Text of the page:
Bastiat goes on to say:

      But, unfortunately, law by no means confines itself to its proper functions. And when it has exceeded its proper functions, it has not done so merely in some inconsequential and debatable matters. The law has gone further than this; it has acted in direct opposition to its own purpose. The law has been used to destroy its own objective: It has been applied to annihilating the justice that it was supposed to maintain; to limiting and destroying rights which its real purpose was to respect. The law has placed the collective force at the disposal of the unscrupulous who wish, without risk, to exploit the person, liberty, and property of others. It has converted plunder into a right, in order to protect plunder. And it has converted lawful defense into a crime, in order to punish lawful defense.

      How has this perversion of the law been accomplished? And what have been the results?

      The law has been perverted by the influence of two entirely different causes: stupid greed and false philanthropy.

  2. We need to be smart, vigilant and tough. We need the courts to give us back our rights. We need the Travel Ban as an extra level of safety!

    Which of his 3 sentences is controversial? Should we instead run, hide and phone a friend? Does the POTUS not have the constitutional authority to control the flow of foreigners into our country? The courts seem to be playing a game of chicken with this President and putting American lives at risk. What is the upside for the courts? What is the downside?

  3. The question was answered in detail early this morning. Not acting political is why the outsider was preferred over the same old same old rejectible choices. However I can see Sessions has some swamp draining of his own to deal with. both in London and in Washington DC. The answer to London is simple. recall for consultations and replace with a temporary stand in. The second problem is pull their security clearances for being untrustworthy and turn the re-evaluation over to NSA. Meanwhile go home with no paycheck.

  4. If it were up to lawyers, their clients would be mute. The POTUS tweeted it, let SC deal with it. If they deal with it wrongly, they can beware the blowback.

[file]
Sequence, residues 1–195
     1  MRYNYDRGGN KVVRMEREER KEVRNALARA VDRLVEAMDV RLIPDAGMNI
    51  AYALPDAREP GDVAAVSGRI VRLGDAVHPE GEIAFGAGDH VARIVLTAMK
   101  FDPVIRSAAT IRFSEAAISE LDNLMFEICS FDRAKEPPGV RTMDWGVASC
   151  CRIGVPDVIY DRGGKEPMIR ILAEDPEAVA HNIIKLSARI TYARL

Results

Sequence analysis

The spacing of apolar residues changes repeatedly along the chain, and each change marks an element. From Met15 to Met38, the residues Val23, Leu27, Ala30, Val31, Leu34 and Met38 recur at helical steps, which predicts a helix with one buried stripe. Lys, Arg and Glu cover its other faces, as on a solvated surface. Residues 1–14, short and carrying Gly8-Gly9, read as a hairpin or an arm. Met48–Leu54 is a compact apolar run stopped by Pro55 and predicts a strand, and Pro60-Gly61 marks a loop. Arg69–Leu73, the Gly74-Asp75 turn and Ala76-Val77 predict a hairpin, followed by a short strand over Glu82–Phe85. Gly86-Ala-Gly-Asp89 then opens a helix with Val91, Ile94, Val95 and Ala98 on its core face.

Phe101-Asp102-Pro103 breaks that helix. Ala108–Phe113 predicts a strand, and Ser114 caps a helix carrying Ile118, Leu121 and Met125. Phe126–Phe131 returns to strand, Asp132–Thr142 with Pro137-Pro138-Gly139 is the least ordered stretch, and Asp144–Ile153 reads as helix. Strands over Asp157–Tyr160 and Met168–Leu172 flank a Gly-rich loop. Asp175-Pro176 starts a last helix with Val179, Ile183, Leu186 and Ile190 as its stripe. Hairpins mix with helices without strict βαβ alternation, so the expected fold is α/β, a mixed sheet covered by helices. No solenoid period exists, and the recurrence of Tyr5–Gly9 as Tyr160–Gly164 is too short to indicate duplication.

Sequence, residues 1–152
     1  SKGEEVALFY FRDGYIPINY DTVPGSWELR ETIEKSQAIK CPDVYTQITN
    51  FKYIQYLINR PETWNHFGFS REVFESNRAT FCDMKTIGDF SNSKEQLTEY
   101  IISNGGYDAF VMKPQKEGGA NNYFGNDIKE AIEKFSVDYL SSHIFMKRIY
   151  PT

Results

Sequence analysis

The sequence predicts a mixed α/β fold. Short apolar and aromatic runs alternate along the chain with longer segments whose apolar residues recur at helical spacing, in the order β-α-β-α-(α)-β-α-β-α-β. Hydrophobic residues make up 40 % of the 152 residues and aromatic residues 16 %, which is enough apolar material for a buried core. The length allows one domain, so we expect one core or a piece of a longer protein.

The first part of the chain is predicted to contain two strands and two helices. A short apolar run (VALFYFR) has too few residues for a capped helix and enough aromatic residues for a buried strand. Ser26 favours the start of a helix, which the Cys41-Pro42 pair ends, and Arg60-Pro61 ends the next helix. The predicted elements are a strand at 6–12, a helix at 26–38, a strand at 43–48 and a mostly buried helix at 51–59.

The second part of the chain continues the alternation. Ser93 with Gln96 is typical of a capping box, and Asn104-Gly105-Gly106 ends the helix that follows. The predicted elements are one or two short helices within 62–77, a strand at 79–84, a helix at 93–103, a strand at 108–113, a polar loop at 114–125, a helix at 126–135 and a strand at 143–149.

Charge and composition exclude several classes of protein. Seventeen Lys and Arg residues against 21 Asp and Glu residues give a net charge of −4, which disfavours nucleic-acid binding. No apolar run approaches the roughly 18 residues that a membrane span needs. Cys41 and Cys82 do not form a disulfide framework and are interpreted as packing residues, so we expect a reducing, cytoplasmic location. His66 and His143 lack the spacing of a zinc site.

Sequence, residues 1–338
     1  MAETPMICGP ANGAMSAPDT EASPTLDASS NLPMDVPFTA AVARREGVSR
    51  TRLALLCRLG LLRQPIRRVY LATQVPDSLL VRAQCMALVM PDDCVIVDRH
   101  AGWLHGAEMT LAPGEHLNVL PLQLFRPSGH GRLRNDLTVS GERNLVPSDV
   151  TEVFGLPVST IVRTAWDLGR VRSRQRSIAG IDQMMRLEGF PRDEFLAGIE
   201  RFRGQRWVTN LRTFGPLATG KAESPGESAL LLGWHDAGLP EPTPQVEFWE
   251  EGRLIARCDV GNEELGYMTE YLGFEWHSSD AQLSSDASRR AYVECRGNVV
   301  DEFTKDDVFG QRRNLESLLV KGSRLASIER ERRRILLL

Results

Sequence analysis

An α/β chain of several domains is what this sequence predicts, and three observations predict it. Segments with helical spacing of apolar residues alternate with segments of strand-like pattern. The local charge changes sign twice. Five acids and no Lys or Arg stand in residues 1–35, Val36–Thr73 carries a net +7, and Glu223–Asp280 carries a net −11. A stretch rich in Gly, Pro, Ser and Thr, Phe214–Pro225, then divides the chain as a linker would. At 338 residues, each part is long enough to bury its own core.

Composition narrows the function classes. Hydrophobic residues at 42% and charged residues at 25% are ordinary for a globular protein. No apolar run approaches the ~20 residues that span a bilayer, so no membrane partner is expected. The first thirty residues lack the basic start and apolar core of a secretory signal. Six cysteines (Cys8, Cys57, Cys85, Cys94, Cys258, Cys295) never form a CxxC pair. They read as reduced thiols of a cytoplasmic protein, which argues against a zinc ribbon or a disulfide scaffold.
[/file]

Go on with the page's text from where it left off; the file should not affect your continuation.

5. In a way , Trump’s EO is a sort of Travel Ban but just for people from certain countries no matter what religion they follow. Further, it doesn’t matter what is in Trump’s mind or heart. if the EO doesn’t say Muslim ban, it can’t be converted into a Muslim ban. Still, I know the know the feeling of having a client who mouths off with the wrong words at the wrong time and in the wrong place. Have had that happen all too often and every time I want to slap the client silly.

  6. Oh, Trump is such a killjoy! I want our American Kids to be able to play the same kid’s games they do in England! And Paris!

    Instead of Dodge Ball, it’s now “Dodge Van” where kid’s athletic and gymnastic skills can be honed to their highest possible levels! You could have VR training, and a thing like Pelatron track for practicing the “Hop on the Hood and Hang On Game!

    All our little fat kids could get some exercise, and learn a valuable set of survival skills in Multiculture Land!

    Hide and Seek, could become Hide Your Clitoris!

    I Spy with colors and license tags is sooo passe, so how about I Spy A Strange BackPack!

    Duck and Cover could be brought back out of retirement to avoid flying shrapnel!

    And here Mean Ol’ Trump causing another generation of little white kids to be blubberbutt crybabies instead of survivors!

    Squeeky Fromm
    Girl Reporter

  7. Start building concentration camps on the East and Wests coats now!

  8. We will be impeaching Supreme Ct justices if they do not uphold this immigration Executive Order.
    Terrorists are coming to a city near you and soon. Read the decision in Korematsu. Google it and look up Korematsu- wikipedia.

    1. Even Scalia thought Karematsu was wrong. In fact he ranked in with the Dredd Scott decision as one of the court’s biggest blunders. See A Discredited Supreme Court Ruling That Still, Technically, Stands, NYT January, 2014.

      1. My BFF, Penelope Dredful, says the Dred Scott was probably the best SCOTUS Decision ever. The Court resisted the urge to give in to emotions, and instead ruled on the law. I guess maybe that is why modern lawyers hate the decision.

        Squeeky Fromm
        Girl Reporter

        1. Yeah, right on Sqeekie. I saw one of Chief Justice Roger Taney’s descendants on TV the other day celebrating his ancestor’s greatest decision. Maybe you should start a movement for a national holiday commemorating Taney and Scott v Sandford? .